Mon, 28 Nov 2016 21:44:28 +0000Hi Michael, thanks a lot for dropping by and for the wonderful comments! They are greatly appreciated! This is just terrific news, indeed, because I'm hoping to have several dozens of articles by then shared over here in this blog that will include both places to eat & dine as well as all around activities to consider. And knowing you will be staying over here for 10 days, going to the other islands as well should not be a problem as they are all within 30 minutes (by plane) or 1 hour (by ferry boat), so if you would want to consider hopping over there are tons of good options. If you would want to explore potential options in this regard let me know and I will be more than happy to help out where I possibly can. Thanks again for the lovely feedback and I, too, look forward to sharing further along the other side of life, as you well pointed out, in upcoming blog posts! (image) (image) (image)
Mon, 28 Nov 2016 21:04:45 +0000Hello Luis, this is fantastic news! Very timely, as I am planning my first trip to the Gran Canaria in February and have been looking for information about what to do/see/eat (and to decide if we should stay on the one island the full 10 days that we have for vacation). I look forward to reading more about the other side of life and experiencing a bit of your love for the island!
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Tue, 22 Nov 2016 19:03:55 +0000Hi Jacqueline, thanks a lot for reaching out and for the info request. It does sound really interesting and I would gladly take your offer to share some insights about what Neuvoo is doing to help job seekers find new jobs and progress with their careers. However, at this point in time I think it's a bit early as I am in the progress of redefining the purpose, intent, and content to be shared in this blog and I would kindly ask you whether you could hold it for a week or two, till I am capable of sorting a few things out and then I will go ahead and reach out to you. Would that work for you, Jacqueline? Let me know, please. And thanks a lot for reaching out and for the feedback!
Tue, 22 Nov 2016 16:05:26 +0000Hi Luis, My name is Jacqueline from Neuvoo.com, a job search aggregator. I would like to know if it's possible to consider publishing an article written by us on your website. (http://www.elsua.net/) Our articles are related to job search, leadership skills, motivational, networking, working women, education, bilingualism, working after retirement or college, technology, education, working abroad, lifestyle and other similar subjects. We are currently trying to reach out to job seekers by giving them some advice on this regard. Being shown on your page would mean the world to us because we believe you have a very solid site with a lot of useful information and visitors. Here’s some information about us: Our free job search aggregator is very easy to use, job seekers can look for any job, anywhere easily by location, profession, industry, or keyword. We have over 20.000.000 jobs indexed and more than 5 million jobs across the United States. We are also present globally, showing jobs from 64 countries in all five continents, making us the largest job database in the world at the moment. Please let me know if this would be possible and the steps to follow in order to have our article published on your webpage. Here is an example of an article: http://www.techvibes.com/blog/gotomeeting-five-2016-01-26 Thank you for your time, and I look forward to hearing from you.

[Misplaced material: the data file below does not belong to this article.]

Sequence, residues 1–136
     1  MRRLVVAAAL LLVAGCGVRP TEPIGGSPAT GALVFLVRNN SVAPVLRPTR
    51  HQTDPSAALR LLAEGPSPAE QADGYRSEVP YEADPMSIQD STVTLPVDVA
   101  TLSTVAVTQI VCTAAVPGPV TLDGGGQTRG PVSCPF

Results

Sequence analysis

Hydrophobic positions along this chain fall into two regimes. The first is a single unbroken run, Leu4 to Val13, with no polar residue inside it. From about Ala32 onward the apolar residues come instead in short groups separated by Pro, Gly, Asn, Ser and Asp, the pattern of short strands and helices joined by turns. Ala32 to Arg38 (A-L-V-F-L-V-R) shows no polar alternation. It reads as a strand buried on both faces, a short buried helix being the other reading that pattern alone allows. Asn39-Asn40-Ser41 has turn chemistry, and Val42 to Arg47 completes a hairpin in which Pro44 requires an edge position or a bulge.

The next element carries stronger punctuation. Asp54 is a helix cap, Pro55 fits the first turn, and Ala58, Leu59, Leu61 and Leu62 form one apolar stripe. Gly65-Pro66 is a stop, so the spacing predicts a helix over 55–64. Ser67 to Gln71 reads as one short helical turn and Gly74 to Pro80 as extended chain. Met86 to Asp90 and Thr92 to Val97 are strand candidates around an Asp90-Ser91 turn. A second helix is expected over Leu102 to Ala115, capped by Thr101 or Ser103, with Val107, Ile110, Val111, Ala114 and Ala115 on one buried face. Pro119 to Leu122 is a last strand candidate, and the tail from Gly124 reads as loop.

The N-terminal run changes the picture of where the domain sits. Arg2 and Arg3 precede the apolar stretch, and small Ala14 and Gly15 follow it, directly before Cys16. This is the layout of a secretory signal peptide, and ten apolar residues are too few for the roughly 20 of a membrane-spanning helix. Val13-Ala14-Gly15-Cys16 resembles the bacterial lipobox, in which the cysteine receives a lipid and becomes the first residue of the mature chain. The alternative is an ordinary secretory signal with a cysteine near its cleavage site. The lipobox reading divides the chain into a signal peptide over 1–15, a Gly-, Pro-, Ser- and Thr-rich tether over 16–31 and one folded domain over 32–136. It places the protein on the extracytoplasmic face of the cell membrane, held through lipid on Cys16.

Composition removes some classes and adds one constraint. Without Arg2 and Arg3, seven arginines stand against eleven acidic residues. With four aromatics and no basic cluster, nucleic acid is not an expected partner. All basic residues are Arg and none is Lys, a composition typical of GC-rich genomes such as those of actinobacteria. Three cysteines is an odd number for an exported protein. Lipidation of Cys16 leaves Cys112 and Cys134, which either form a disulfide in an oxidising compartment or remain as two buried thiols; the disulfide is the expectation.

Tue, 22 Nov 2016 11:58:19 +0000LOL! I can imagine! I am pretty sure we all may have experienced such endless loops at one point in our careers! The important thing, though, is that we keep going at it, we persevere, to the point where it will eventually happen. At the moment, what we are trying to do is find a crack on the wall that we can use to shake things around and help kick off the transformation process. Finding that crack is always a fun challenge, but, believe me, all systems have it. It's just a matter of time and perseverance to find it and push through the crack(s) itself!
Tue, 22 Nov 2016 11:41:57 +0000Thanks Luis, I'm too familiar with the fruitless loop. In London, pitch at the Mayor!